FacebookTwitterGoogle+RedditEmail

Obesity and Children’s Health

In many cultures and in older times obesity in children was a sign of good health. This is not the case any longer. According to a U.S. National Institute of Health study, and because of its serious effects on their health, the global rise in childhood obesity has become an “epidemic”. “It is an exploding nightmare in the developing world,” says Peter Gluckman, co-chair of the Ending Childhood Obesity (ECHO) Commission.

Some studies carried out in Middle East countries show that childhood obesity is a serious problem in the region. The rapid pace of economic development in the region has been accompanied by decreasing levels of physical activity and increased caloric consumption, particularly of “junk food”. These are important factors in child and adolescent obesity.

Children who are obese are likely to remain obese as adults, and are at risks for several serious health problems such as Type 2 diabetes, asthma and heart failure. In addition, obesity in children can hinder their educational attainment. It is important therefore that public health and school officials develop a series of measures aimed at increasing the level of physical activity among children both inside and outside school, and conduct educational campaigns showing the risks of consuming high calories foods and drinks.

The World Health Organization (WHO) alerts that the rise in childhood obesity in low and middle-income countries is an alarming trend that demands a “high level action”. About half of the world’s obese children, 48 percent, live in Asia. Although many countries in Southeast Asia have achieved impressive economic gains in recent times, there has been, at the same time, a rise in conditions such as over and under nutrition, where some children are overweight while their peers may suffer from stunting and wasting.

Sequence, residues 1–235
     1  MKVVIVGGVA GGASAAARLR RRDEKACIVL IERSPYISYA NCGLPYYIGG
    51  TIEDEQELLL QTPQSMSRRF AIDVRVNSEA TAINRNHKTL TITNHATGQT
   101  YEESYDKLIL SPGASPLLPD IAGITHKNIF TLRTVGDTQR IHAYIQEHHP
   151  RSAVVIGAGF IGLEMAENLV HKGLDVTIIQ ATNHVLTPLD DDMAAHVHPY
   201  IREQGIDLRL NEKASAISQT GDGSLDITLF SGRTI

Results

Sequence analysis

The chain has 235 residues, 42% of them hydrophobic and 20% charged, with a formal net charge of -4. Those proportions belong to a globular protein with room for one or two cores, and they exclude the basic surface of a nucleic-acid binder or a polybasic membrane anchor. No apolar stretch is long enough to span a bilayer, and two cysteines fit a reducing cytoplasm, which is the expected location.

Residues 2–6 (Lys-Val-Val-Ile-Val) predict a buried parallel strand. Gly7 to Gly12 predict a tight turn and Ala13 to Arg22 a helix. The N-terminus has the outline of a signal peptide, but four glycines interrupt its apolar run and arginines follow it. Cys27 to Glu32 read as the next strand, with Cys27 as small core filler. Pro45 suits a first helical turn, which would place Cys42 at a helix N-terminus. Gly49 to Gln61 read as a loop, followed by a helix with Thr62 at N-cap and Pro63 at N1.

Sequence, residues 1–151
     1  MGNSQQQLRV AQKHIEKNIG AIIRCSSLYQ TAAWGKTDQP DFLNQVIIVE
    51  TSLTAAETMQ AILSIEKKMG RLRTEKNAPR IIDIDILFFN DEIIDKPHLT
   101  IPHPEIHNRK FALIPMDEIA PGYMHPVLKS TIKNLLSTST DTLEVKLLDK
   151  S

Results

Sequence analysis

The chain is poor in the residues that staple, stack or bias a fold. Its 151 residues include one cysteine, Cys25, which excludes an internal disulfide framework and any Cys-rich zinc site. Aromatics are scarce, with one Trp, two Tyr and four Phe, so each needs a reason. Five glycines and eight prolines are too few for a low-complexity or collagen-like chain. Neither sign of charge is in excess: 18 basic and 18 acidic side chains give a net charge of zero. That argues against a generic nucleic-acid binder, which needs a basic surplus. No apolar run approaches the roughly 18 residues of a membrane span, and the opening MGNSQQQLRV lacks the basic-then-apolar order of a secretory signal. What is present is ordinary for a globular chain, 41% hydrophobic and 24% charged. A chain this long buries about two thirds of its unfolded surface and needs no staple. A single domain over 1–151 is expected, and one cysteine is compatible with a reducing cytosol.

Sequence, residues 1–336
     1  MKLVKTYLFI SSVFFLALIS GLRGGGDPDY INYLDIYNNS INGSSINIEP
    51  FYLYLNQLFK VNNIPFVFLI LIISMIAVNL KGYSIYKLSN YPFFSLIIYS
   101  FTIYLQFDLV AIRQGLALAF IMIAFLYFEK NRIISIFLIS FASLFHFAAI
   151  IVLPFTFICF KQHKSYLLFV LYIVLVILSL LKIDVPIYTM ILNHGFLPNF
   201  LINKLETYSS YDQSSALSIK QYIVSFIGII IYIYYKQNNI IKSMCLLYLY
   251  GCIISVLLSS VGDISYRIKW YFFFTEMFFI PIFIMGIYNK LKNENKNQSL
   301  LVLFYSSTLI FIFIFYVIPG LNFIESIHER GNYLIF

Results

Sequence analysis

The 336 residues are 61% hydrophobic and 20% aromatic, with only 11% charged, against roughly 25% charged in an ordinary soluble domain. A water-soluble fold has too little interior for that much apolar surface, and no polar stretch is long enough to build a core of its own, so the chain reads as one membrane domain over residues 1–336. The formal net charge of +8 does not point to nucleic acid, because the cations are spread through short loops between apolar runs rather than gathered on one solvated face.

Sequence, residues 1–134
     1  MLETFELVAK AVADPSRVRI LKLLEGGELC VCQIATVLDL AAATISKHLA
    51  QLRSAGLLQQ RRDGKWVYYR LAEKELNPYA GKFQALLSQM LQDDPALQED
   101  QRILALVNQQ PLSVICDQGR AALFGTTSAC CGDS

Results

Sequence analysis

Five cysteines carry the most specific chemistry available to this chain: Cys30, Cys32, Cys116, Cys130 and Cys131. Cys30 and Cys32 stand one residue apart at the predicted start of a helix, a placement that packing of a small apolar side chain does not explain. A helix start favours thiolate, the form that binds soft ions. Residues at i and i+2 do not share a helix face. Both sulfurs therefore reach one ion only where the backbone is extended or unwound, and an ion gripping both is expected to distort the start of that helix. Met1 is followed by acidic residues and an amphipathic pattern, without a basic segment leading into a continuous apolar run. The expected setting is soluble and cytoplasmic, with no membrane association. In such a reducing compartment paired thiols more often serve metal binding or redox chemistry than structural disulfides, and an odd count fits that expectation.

This “double burden” of malnutrition is happening now in middle income countries such as Indonesia, Malaysia, the Philippines and Thailand. Christiane Rudert, Regional Nutrition Adviser for UNICEF East Asia and Pacific stated in a recent press release, “Asian children are now at risk of malnutrition from both ends of the spectrum”.

In China, a 29-year survey of 28,000 children aged between seven and 18 was carried out in eastern Shandong province. The study, published in the European Journal of Preventative Cardiology, found that 17 percent of boys and nine percent of girls were obese in 2014. This showed a significant increase from under one percent for both genders in 1985. The study also showed that the increase was particularly more notable in children aged seven to 12 than in adolescents.

There is not one factor that explains the high rates of obesity among Chinese children, although there are several contributing factors with varying importance in different settings and circumstances. For example, many formerly poor families are over feeding their children, particularly when the grandparents are in charge of their care.

Although Japan hasn’t totally solved the problem of childhood obesity, it has made significant advances in its control. One of the strategies used in Japan involved a redesigning of school lunches that are increasingly planned by nutritionists, and include a variety of foods such as fresh ingredients and locally grown vegetables.

Increasingly, children worldwide are being raised in obesogenic environments (the obesogenic environment refers to an environment that helps, or contributes to, obesity).
One of the most important contributing factors for obesity is the high consumption of foods rich in carbohydrates and high consumption of sugary drinks. “Children are exposed to ultra-processed, energy dense, nutrient-poor foods, which are cheap and readily available,” says the WHO.